Being nice does not mean being a doormat

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I’m not aggressive and I have to get it done. I’m a nice guy, but while I tend to see the best in other people, I know I also get walked on by vendors, customers and sometimes even employees. How do I find the balance?

THOUGHTS OF THE DAY: Think about what makes you call yourself a “nice guy.” Hone skills that are synonymous with leadership. Make sure you’re clear about where you want to go with the company. Make asking for input a sign of strength, not weakness.

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Am I spread too thin?

I keep getting called on to deal with problems that crop up as we try to deliver what’s been promised. Since I know more about how things work and have a broader view of where we are going, it’s a natural request. Besides, I like being in control of the decisions about how and when we commit resources to solve problems. And I’m good at juggling. But I’m sensing a limit to what I can get to. There are a lot of sales opportunities out there that I should focus on, for example, and I can’t be in two places at once.

Thoughts of the day: Unloading the things you know how to do best helps the company grow. Avoid burnout. Know that there will be failures and that while you strive for excellence, sometimes good enough is just that. Recognize that everyone in the company will benefit from gaining experience dealing with issues on the front line — so let them.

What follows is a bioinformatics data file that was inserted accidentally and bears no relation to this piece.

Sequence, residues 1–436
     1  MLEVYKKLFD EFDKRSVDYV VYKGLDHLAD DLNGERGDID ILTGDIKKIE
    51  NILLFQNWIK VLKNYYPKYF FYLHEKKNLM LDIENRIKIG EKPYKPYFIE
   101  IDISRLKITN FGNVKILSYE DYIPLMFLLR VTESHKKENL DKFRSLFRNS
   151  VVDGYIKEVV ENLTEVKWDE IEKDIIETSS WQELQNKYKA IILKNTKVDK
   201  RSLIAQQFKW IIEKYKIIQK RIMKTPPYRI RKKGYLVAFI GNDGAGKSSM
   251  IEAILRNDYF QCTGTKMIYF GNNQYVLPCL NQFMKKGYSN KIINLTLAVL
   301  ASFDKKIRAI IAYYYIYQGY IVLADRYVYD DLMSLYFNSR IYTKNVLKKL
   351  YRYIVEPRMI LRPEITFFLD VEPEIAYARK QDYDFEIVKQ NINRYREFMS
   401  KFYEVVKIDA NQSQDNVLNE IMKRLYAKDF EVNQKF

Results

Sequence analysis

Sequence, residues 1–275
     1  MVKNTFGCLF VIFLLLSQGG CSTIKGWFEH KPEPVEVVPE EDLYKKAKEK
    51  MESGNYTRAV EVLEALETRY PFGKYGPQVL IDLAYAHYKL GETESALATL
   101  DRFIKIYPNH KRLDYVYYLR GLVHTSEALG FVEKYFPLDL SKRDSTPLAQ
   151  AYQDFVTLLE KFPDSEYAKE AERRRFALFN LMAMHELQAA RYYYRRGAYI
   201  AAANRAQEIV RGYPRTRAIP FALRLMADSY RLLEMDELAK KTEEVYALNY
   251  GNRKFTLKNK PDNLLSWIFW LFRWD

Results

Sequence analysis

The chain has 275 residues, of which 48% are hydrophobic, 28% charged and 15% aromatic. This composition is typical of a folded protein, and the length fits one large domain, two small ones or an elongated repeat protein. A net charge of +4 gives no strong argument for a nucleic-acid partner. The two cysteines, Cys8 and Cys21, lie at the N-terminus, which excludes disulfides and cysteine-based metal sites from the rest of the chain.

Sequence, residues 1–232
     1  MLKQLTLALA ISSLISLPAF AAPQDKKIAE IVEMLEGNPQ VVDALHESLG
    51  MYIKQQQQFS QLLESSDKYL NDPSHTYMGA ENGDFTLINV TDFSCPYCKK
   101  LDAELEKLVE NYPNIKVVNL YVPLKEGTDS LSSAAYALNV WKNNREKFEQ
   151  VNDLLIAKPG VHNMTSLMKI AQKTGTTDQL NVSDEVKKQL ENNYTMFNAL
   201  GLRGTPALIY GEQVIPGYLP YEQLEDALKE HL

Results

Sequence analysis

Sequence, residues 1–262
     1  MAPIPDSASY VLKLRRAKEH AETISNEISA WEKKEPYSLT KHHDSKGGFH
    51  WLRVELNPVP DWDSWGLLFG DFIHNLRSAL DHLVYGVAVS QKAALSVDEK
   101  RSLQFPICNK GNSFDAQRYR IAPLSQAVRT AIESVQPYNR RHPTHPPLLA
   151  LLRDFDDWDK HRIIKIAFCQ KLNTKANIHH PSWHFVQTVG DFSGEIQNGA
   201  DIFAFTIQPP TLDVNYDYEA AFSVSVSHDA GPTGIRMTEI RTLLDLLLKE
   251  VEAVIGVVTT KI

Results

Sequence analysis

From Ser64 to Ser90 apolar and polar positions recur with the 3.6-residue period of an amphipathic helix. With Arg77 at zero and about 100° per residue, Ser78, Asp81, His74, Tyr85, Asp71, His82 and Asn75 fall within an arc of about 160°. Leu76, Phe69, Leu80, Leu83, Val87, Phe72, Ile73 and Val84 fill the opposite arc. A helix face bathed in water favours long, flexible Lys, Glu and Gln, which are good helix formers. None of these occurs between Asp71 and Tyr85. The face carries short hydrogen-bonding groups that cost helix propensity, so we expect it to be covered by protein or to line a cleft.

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We Just Can’t Wing It Anymore

Right now people have a “wing it” attitude. If there’s a problem, people jump to help, which is both good and bad, but some people say it feels like there’s a lack of clarity, who does what, no agreement on how things get done, and no clear chain of command. There seems to be inadequate communication, and a lack of responsibility or accountability. We need more structure in operations. Help!

Thoughts of the Day: Operations is the guts of the business. Putting process, job descriptions, and accountabilities in place can help make things smoother. Figure out who heads up operations, preferably not the owner. Build a team to work on the best way to handle routine workload as well as exceptions. Make it clear the routine clear enough so a new person could easily learn most of what they need to know from a chart and back up descriptions.

Operations is where everything comes together. Orders from customers have to get delivered on time, in budget. Lack of planning often creates a lot of problems in operations. Things run smoother when everyone in the company takes the time to talk about workflow, defining what’s routine and what needs special handling. Departments need to layout/diagram how work flows through their department, and if they work on a variety of things, which typically happens, ask them to make multiple diagrams.